Home » Biofuels, a Solution to High Prices but What Exactly Do They Cost Us in the Long Run?

Biofuels, a Solution to High Prices but What Exactly Do They Cost Us in the Long Run?

by Coffee Table Science

Image: A biofuel production plant in Iowa

President Joe Biden said that his government will relax limitations on the sale of E15—gasoline that contains 15% ethanol—as well as additional investments in biofuels as an effort to alleviate Americans’ agony at the gas pump. However, scientists who research the environmental impact of ethanol are dissatisfied with the choice.

What is ethanol in fuel?

Fuel ethanol is the same sort of alcohol found in drinks, but with “denaturant” additives that prevent it from being consumed. The use of ethanol in gasoline reduces the need for crude oil. 

E10 is presently the most common gas marketed in the United States. Ethanol is typically made in the United States by fermenting sugar from corn starch. Sugar cane is used in other nations, such as Brazil.

Following a study on E15’s pollution  impact, the US Environmental Protection Agency (EPA) approved its usage in 2011. According to authorities, it is now available at 2,300 petrol stations across the country.

Biden’s announcement

Biden said Tuesday at a bioethanol production plant in Iowa that the EPA will eliminate a limitation preventing the sale of E15 between June 1 and September 15—a restriction intended to reduce air pollution. 

This is because ethanol evaporates more quickly and rapidly converts to smog, which is especially problematic during the intense heat and sunshine during summer months. 

In the middle of a trade battle with China in 2018, the then-President Donald Trump wanted to abolish this limitation as a concession to farmers. Trump’s decision was subsequently reversed by a judicial ruling. 

According to the White House, E15 can save an average of 10 cents per gallon of gasoline at today’s pricing (4.5 liters).

But the real question is whether biofuels are safe for the environment.

Environmental threats

Despite the fact that biofuels have been promoted for their capacity to cut greenhouse gas emissions, evaluating the environmental effect of bioethanol necessitates taking into account greenhouse gas emissions connected to the crops used in its production.

“The carbon balance of ethanol relative to gasoline isn’t as good as it was originally anticipated,” says Tyler Lark, a scientist at the University of Wisconsin-Madison.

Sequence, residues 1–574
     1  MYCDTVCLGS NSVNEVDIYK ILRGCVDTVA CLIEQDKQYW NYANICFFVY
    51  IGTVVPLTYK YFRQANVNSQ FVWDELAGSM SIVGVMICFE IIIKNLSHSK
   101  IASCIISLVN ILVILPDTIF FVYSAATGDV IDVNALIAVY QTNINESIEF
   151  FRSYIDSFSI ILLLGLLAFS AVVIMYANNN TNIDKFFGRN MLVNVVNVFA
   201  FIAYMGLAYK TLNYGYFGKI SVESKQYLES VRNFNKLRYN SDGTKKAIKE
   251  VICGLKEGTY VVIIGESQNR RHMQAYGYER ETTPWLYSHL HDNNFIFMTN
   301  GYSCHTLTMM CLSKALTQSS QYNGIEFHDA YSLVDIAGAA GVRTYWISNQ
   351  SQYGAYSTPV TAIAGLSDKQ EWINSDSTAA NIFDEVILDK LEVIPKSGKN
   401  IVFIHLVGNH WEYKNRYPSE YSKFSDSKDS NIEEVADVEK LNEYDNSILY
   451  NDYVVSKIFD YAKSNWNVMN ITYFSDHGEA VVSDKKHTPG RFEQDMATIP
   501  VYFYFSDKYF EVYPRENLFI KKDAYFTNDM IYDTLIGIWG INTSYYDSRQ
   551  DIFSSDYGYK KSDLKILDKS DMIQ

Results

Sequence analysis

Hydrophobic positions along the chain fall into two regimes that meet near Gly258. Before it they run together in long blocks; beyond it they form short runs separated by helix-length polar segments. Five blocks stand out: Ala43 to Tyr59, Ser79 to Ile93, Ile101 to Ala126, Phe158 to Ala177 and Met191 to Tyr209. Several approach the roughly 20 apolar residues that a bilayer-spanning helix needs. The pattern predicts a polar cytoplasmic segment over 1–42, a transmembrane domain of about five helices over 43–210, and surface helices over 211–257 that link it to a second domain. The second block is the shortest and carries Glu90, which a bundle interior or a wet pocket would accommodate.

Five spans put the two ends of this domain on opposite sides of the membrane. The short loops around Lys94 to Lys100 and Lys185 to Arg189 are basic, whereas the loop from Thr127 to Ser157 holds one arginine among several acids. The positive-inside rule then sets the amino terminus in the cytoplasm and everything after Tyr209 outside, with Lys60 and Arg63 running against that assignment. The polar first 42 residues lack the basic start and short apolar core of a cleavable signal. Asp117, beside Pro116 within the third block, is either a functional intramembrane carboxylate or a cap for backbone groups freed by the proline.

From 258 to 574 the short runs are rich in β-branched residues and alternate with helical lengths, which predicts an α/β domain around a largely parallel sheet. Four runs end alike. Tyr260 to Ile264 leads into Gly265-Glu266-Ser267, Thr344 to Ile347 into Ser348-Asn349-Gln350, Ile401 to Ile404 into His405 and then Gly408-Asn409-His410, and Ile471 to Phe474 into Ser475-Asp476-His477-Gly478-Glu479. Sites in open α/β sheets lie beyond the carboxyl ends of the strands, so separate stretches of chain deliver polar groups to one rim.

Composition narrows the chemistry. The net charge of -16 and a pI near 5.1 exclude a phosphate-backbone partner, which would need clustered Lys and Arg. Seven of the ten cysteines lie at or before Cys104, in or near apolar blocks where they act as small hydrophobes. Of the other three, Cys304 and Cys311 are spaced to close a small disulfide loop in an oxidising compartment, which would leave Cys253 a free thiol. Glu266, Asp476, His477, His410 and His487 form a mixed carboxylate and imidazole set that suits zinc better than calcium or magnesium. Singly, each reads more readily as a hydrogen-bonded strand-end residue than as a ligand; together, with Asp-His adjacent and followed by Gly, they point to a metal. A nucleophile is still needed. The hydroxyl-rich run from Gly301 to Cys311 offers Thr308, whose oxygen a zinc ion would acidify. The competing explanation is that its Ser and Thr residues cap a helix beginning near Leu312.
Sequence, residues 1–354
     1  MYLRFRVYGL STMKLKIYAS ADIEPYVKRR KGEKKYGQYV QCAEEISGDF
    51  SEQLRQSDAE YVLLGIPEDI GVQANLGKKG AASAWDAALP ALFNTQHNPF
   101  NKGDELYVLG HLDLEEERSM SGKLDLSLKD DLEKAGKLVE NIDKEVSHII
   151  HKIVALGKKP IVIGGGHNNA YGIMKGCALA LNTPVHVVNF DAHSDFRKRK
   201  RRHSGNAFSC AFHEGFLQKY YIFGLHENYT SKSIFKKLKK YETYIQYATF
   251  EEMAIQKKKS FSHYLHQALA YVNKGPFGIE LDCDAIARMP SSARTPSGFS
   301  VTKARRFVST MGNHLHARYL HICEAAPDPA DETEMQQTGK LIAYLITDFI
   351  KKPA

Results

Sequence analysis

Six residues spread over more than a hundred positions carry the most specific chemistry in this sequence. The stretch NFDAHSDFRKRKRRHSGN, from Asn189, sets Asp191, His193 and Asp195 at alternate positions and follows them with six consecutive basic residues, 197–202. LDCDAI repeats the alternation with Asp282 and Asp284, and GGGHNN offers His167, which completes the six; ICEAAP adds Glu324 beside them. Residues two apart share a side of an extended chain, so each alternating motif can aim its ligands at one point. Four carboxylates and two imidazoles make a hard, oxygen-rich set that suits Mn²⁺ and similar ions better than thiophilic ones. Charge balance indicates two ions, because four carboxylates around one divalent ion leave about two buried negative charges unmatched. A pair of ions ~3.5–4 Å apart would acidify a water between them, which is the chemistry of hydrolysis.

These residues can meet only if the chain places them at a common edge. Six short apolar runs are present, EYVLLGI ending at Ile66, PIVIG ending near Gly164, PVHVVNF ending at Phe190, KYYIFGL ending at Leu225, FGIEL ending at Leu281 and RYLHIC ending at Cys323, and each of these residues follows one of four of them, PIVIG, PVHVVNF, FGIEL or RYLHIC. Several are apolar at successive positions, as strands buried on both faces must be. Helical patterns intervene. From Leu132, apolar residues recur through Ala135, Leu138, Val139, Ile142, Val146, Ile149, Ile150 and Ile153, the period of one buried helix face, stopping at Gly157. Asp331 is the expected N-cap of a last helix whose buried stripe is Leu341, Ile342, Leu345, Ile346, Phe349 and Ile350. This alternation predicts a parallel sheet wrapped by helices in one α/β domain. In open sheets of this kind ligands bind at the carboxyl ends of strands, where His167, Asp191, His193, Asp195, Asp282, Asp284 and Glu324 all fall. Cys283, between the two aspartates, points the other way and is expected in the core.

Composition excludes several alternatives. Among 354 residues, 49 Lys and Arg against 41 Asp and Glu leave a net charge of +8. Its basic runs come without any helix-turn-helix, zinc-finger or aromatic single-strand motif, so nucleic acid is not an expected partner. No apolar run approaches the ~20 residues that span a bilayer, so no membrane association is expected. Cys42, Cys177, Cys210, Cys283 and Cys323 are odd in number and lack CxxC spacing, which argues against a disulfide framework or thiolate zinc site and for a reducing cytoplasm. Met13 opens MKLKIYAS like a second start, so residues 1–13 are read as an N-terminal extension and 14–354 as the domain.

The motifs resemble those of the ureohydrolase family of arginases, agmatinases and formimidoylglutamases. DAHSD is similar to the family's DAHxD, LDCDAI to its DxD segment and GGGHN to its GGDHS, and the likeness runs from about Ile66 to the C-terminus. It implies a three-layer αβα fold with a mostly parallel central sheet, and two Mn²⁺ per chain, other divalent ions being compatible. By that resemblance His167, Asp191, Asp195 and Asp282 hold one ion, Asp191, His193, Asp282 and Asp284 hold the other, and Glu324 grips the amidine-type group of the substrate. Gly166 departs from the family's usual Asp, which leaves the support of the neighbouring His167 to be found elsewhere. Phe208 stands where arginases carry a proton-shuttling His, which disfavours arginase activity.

In 2005, Congress approved the “Renewable Gasoline Standard,” which mandated transportation fuel to contain a growing amount of biofuel.

In 2007, the legislation was broadened even more. According to a research published in the Proceedings of the National Academy of Sciences (PNAS) in February, 2.8 million more hectares of corn were planted between 2008 and 2016.

The repercussions of turning land to corn farming, according to Lark, the study’s primary author, were underestimated at the time. “When you do that, you plow up other types of land that may have been sequestering carbon and you apply extra nitrogen fertilizer to grow that corn,” he said. 

Furthermore, some fertiliser used to cultivate corn produces nitrous oxide (N2O), a powerful greenhouse gas. The study shows that greenhouse gas emissions from gasoline and ethanol are eventually equivalent. Other negative implications include fertiliser leaking into groundwater  and the loss of animal habitats to make place for corn crops.

Health issues

Bioethanol produces less CO2 per litre than regular fuels once in the tank, but it has less energy per volume, thus more is required.

In addition, “it produces acetaldehyde which is a carcinogen, formaldehyde, which is a carcinogen and both of those are two of the five most potent ozone producers in photochemical smog,” explained Mark Jacobson, a professor of environmental engineering at Stanford University. “It’s bad for both climate and air pollution, and spending money on it is taking money away from real solutions” such as electric vehicles, he concluded.

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